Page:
Stress, Burnout and Coping Strategies Among Prison Officers Serving In The Irish Prison Service.

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Mulligan, David
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BA (Hons) in Psychology
Dublin Business School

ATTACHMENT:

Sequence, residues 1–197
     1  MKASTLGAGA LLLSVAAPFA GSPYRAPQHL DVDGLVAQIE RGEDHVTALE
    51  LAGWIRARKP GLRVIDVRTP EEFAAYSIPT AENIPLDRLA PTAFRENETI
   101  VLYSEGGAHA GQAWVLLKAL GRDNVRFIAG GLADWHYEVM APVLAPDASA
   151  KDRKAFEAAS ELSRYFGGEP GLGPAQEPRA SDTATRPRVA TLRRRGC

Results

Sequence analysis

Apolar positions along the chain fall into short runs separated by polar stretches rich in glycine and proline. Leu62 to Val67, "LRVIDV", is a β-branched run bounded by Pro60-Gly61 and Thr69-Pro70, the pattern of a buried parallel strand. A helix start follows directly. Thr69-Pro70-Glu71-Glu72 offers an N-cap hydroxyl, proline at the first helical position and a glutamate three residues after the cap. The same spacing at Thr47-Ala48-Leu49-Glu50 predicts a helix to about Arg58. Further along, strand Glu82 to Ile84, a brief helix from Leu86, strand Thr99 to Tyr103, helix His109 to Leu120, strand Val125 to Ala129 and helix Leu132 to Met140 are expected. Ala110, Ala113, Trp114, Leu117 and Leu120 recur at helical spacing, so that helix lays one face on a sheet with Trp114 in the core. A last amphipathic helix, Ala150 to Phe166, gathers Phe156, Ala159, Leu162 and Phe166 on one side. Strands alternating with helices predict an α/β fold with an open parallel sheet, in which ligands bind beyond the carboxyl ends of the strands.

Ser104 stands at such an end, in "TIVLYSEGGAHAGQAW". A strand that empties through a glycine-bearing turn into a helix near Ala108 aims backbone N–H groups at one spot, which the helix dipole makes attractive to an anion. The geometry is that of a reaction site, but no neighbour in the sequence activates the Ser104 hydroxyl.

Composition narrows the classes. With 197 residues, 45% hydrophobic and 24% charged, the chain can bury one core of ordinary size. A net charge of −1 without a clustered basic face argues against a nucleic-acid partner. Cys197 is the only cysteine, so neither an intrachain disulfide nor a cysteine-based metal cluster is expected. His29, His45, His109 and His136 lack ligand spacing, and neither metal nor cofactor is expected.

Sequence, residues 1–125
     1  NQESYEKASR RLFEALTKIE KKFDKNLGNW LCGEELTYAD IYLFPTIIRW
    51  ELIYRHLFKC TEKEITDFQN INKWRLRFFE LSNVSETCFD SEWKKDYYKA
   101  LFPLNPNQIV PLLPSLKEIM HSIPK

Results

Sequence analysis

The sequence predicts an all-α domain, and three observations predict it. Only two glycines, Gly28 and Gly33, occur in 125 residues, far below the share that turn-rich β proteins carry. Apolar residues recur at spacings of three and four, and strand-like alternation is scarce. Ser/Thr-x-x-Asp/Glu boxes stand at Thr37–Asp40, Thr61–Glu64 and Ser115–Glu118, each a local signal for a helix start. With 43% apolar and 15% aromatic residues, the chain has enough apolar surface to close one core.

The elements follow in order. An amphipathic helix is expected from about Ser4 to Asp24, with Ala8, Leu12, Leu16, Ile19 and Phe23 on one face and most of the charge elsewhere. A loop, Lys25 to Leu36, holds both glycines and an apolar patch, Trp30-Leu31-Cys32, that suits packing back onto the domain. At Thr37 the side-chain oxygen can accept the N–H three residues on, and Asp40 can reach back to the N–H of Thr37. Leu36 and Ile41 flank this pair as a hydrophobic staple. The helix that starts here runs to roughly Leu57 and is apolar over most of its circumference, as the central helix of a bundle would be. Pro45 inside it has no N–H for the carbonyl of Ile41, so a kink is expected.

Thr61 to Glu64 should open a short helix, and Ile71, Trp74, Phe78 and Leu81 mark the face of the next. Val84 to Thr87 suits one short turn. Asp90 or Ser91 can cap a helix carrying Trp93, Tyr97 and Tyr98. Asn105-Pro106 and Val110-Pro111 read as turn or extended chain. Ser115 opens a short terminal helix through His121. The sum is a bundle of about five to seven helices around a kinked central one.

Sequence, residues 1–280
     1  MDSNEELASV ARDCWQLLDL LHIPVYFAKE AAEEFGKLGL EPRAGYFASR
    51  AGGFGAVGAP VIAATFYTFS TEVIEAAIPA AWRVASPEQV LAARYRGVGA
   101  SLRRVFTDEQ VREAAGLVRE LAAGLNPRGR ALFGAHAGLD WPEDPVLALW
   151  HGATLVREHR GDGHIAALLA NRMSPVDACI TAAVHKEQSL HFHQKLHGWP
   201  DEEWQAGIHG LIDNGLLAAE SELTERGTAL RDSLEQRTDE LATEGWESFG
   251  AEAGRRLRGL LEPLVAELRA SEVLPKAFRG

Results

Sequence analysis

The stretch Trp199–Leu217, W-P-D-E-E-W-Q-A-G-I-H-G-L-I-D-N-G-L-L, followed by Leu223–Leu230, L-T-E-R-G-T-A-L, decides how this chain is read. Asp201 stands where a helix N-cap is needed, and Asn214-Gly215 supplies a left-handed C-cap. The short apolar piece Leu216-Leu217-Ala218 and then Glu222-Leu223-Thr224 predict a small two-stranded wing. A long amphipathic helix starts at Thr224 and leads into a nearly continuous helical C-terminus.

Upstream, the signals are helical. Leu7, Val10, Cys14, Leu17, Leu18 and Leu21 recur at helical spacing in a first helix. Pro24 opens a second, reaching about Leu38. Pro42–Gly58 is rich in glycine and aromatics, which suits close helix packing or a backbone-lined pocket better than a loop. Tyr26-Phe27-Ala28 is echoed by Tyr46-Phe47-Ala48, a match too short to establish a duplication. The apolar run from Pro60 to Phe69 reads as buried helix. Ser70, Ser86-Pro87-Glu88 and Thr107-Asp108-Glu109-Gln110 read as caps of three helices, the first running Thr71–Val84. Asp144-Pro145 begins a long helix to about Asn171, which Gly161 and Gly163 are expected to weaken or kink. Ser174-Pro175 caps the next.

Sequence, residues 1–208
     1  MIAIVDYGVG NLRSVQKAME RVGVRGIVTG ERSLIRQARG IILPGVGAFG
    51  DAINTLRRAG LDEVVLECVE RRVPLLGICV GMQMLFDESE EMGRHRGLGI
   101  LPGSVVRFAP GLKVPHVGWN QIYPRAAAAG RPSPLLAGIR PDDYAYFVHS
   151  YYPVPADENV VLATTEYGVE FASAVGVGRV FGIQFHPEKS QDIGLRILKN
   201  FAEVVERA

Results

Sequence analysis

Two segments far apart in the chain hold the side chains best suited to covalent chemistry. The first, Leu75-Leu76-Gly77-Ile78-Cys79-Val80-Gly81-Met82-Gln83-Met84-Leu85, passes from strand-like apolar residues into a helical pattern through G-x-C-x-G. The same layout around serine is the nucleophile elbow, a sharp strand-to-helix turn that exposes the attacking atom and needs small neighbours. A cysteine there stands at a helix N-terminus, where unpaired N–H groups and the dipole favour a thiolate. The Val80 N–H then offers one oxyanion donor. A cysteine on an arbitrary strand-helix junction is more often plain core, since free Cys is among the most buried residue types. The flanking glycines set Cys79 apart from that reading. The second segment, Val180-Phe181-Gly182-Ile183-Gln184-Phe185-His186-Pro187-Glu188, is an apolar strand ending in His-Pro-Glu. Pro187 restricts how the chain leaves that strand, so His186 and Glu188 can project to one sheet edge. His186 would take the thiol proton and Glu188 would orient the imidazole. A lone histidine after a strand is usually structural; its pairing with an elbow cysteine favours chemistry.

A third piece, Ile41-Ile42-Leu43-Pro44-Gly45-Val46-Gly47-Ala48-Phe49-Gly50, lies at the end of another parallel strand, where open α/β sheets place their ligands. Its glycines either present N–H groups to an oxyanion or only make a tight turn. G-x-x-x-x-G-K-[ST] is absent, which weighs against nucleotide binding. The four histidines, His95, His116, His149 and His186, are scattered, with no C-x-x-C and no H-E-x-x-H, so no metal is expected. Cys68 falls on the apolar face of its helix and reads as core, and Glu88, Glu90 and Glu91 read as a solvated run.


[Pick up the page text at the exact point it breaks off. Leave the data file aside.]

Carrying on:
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This study addressed stressors affecting officers (N = 150) serving in the Irish Prison Service (IPS). It also assessed levels of burnout associated with serving officers, and investigated coping strategies. Participants completed self report questionnaires addressing stressors in the workplace, levels of general stress and burnout, together with a range of coping strategies. Results showed significant positive correlations between levels of general stress, stress factors and total burnout. No significant gender differences existed between these variables, however males showed greater use of behavioural disengagement and use of religion as coping strategies. No significant differences were identified between officer profiles in general stress, stress factors, total burnout, or coping strategies, however significant differences were identified between categories of burnout for these variables. Officer profiles did not differ significantly in categories of burnout. The implications of the findings include recommendations for interventions to reduce stress and burnout among current prison officers, and strategies to minimise or prevent the occurrence in new recruits. Author Keywords: stress, burnout, coping, Irish prison officers